“Thirty years ago, people were beating up gay people, screaming, ‘They’re spreading AIDS!’ while, ironically, getting blood all over themselves,” he said. “It’s hard to know whether those larger events in the culture were the cause of violence or if they were just being used as justification for something that would have happened regardless.”

He noted that bigots who beat gay people on the street aren’t typically newshounds or policy buffs, though they are broadly aware of what kinds of actions their peers would endorse.

“In the past, there have been crimes where the perpetrators made some reference to larger events going on, like gay marriage,” he said. “But this is the first I’ve heard of anyone invoking the name of the president.”

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A Fifth of Hate Crimes Reported Done in Trump’s Name, Researchers Say – Broadly

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March 22, 2017   Posted in: Heidi Beirich  Comments Closed

Hate Crimes Up Under Trump – New Journal Guide – Thenewjournalandguide

Since the election of Donald Trump in November, there have been almost 1,000 reported hate crimes targeting Muslims, Arabs, African-Americans, Latinos and other people of color, according to the Southern Poverty Law Center.

This means that the increase has occurred within the past 10 weeks. Southern Poverty Law Center Intelligence Project Director Heidi Beirich attributed the spike to President Donald Trumps election. It has created safe spaces for racists, she said, in a recent interview in Salon. Trump is the cause.

The spike in hate crimes includes threats against Jewish synagogues and community centers as well as the vandalizing of Jewish cemeteries.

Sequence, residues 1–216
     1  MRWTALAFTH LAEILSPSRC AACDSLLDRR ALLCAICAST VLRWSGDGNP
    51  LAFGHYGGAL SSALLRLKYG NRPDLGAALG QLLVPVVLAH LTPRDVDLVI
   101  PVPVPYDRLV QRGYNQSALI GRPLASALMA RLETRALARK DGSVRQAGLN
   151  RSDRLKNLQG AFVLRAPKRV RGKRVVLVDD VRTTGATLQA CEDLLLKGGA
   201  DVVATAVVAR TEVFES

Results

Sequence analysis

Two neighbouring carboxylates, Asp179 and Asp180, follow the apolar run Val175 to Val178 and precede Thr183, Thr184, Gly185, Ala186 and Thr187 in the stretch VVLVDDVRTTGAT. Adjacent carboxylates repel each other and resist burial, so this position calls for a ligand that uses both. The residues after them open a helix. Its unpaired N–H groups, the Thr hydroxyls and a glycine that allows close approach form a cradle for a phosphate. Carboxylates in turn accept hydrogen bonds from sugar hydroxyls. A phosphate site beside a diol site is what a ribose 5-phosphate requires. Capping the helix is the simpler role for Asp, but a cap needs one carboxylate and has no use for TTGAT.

Some hate crimes have also caused physical harm and even death: An Indian immigrant was shot and killed by a white man in Kansas who reportedly told him, Get out of my country. Most recently a white man shot a Sikh man in Washington State after making a similar comment.

Scores of news reports show that presidential candidate Trump made multiple racist statements including a plea to African-American voters in the Chicago Tribune on Sept. 28. He said, Youre living in poverty, your schools are no good, you have no jobs, 58 percent of your youth is unemployed what the hell do you have to lose? He also accused Judge Gonzalo Curiel of not being able to do his job because he is a Mexican. He was actually born in Indiana.

Trump is a man who navigates the world by racial and ethnic stereotyping, the Chicago Tribune noted. He speaks of the Blacks and the Hispanics (as) a racial or ethnic group as standing apart from us.

The Chicago Tribune added, The sad and disturbing thing is not so much that there still are people like Donald Trump (Archie Bunker with money), but that he so easily cultivated racial bias and built himself a following through stunts such as the birtherism lie and vicious anti-Hispanic rhetoric that paints millions of immigrants as criminals.